By 2015, it had completely changed. Students were restless, easily offended, whiny. They were also passive and helpless. Everyone, for reasons I couldn’t understand, was always accusing everyone else of being racist. (Some faculty members indulged in this activity too.) People became unreasonably prickly if you called them by the wrong gender pronoun. It seemed that every single one of the female students was a survivor of rape or sexual assault (very loosely defined). Many students claimed to suffer from PTSD, though so far as I knew, no one had been on a battlefield. Plenty of others complained of anxiety and seemed to think this was a sufficient reason to skip classes and written assignments.

The article is <here> – it’s worth reading. She joins the cultural dots between the likes of Foucault, Derrida and Lacan and today’s woke warriors – how the fashion for absolute ethical relativism facilitated, ironically, the new intolerance, and how it ushered in:

“... a left-wing moral community, rather than a purely academic one: an intellectual organ more interested in advocating a particular ought than attempting a detached assessment of is—an attitude we usually associate with churches, rather than universities.

Obviously, posh people are every bit as likely to be as crap at leadership as anybody else. However, and this is the key difference, from an early age, a posh bloke will have been imbued with the confidence to at least give it a good go. By contrast, someone ground down in a state school to “know his or her place” is far more likely to stay passive, and peevish.

This confluence of 2 disastrous influences – pedagogical didacticism and woke religiosity – creates a culture which is inimical to leadership and to rationality. Hence the continuing dominance of the upper classes, not only in the officer class, but throughout society in general.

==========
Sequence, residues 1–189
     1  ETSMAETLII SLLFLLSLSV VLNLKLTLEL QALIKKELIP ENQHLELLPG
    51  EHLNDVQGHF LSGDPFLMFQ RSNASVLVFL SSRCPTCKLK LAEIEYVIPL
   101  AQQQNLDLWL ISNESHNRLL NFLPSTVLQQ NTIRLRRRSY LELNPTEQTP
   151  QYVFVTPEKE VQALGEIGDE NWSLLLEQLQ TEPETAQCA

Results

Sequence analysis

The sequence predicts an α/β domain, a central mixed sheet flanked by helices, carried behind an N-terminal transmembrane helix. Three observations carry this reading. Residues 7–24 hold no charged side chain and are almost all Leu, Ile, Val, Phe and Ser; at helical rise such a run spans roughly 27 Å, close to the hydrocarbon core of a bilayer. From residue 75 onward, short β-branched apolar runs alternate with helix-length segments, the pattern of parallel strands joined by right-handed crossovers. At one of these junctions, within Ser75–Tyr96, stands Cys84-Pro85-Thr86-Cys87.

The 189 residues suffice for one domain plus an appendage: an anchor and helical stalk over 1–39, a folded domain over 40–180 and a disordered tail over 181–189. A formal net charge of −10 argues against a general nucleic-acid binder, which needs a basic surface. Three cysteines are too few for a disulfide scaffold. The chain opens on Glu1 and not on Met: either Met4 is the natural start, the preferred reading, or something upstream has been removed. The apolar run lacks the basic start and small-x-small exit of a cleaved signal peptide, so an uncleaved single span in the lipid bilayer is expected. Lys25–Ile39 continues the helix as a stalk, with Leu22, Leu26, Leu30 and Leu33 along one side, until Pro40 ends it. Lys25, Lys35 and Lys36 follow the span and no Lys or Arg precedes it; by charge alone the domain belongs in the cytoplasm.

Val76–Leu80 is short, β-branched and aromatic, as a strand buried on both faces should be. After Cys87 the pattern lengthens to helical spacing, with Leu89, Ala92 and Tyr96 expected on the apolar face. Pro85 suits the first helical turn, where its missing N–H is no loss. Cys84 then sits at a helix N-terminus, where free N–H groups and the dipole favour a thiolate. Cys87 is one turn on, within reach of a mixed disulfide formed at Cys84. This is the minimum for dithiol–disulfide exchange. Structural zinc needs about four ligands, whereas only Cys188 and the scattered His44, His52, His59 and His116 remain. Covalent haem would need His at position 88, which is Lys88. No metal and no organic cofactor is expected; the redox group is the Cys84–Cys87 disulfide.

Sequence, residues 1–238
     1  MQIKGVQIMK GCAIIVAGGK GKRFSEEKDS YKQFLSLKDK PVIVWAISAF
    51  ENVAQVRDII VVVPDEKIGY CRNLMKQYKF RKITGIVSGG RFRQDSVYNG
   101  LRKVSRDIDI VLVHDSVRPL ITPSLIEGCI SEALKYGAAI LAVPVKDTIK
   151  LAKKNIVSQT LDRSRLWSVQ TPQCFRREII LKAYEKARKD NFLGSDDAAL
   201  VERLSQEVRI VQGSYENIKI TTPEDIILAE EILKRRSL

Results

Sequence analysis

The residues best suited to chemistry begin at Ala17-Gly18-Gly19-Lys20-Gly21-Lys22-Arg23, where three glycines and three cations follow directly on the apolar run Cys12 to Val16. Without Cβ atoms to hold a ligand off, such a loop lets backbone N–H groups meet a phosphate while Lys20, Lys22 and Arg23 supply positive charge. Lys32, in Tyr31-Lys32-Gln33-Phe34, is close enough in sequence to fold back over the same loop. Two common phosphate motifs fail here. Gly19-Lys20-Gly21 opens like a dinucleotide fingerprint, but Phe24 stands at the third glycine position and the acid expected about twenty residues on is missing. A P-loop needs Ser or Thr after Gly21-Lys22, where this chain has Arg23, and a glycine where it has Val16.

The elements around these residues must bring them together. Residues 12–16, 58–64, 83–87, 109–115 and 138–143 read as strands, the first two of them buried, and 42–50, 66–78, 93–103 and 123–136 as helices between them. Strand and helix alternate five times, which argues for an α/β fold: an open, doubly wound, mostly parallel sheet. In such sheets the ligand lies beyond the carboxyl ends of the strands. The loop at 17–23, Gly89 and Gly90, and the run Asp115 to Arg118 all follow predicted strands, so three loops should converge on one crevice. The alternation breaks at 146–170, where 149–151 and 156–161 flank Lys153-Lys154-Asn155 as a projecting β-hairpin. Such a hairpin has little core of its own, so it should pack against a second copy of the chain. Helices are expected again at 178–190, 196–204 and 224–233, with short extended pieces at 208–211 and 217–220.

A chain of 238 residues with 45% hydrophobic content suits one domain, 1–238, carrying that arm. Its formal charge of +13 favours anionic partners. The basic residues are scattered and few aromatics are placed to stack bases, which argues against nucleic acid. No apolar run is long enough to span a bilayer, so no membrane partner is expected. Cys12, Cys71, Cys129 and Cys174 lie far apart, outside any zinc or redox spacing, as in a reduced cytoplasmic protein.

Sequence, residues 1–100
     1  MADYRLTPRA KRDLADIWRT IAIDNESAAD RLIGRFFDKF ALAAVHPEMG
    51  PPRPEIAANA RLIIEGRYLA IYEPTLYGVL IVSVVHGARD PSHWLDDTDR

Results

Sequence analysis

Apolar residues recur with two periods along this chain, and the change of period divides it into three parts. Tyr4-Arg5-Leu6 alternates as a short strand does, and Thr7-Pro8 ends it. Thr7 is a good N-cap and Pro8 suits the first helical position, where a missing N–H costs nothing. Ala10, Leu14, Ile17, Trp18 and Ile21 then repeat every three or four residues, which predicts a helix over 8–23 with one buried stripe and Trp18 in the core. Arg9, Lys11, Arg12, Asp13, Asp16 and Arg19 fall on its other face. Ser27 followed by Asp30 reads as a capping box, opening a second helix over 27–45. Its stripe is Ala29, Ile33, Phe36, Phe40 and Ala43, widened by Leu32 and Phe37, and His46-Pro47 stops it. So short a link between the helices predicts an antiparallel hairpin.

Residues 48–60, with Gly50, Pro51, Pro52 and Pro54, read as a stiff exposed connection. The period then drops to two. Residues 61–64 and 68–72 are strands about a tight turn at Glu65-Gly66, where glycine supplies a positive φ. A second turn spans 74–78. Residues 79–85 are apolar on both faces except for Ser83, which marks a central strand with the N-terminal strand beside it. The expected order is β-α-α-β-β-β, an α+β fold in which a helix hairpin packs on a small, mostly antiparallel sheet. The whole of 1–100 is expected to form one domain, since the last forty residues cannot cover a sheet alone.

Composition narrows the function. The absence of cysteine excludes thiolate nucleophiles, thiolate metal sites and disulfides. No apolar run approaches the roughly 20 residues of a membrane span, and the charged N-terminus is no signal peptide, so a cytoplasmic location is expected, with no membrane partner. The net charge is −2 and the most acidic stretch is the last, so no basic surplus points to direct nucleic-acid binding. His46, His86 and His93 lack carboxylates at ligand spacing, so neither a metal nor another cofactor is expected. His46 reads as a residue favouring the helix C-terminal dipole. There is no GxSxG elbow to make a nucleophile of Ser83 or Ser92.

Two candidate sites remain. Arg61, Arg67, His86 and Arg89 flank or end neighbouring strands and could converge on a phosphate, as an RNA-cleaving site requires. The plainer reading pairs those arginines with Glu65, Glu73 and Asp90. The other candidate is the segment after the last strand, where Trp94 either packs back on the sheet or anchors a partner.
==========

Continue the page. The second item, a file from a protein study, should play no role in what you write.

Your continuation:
The Road to Freedom

The Road to Freedom“, trumpets a popular Irish newspaper’s e-mail, as it reports on Ireland’s phased abandonment of covid precautions:

Heh. In the interests of balance, here’s a road to freedom:

Here’s the freedom:

Enjoy!

I used to like the songs I didn’t like

As a kid, I often liked the songs I didn’t officially like.  I certainly wouldn’t have bought any of these or admitted in conversation that I even gave them time of day (oh no!). They were fairly typical ’80s chart dance / pop tunes, but they all stuck in my head, for various reasons – “guilty pleasures”:

10cc – Dreadlock Holiday:

Flash & The Pan – Waiting For A Train:

Human League – Don’t You Want Me:

Joan Jett – I Love Rock ‘n’ Roll:

Visage – Fade To Grey:

The Vapors – Turning Japanese:

Imagination – Just An Illusion:

Blondie – Heart of Glass:

Rod Stewart – Do Ya Think I’m Sexy?:

Bee Gees – Stayin’ Alive:

Yazoo – Don’t Go:

XTC – Senses Working Overtime:

Laurie Anderson – Oh Superman:

Eurythmics – Sweet Dreams:

OMD – Maid Of Orleans:

Blancmange – Living On The Ceiling:

Lotus Eaters – First Picture Of You:

Elkie Brooks – Fool If You Think It’s Over:

Sade* – Smooth Operator:                                     [*the ’80’s coolest crush]

Fun Boy 3 + Banamarama – Ain’t What You Do:

Tom Tom Club – Under The Boardwalk:

Kane Gang – Smalltown Creed:

Soft Cell – Tainted Love:

Pigbag – Papa’s Got A Brand New Pigbag:

Grandmaster Flash & The Furious Five – The Message:

Yello – Lost Again:

Kraftwerk – Das Model: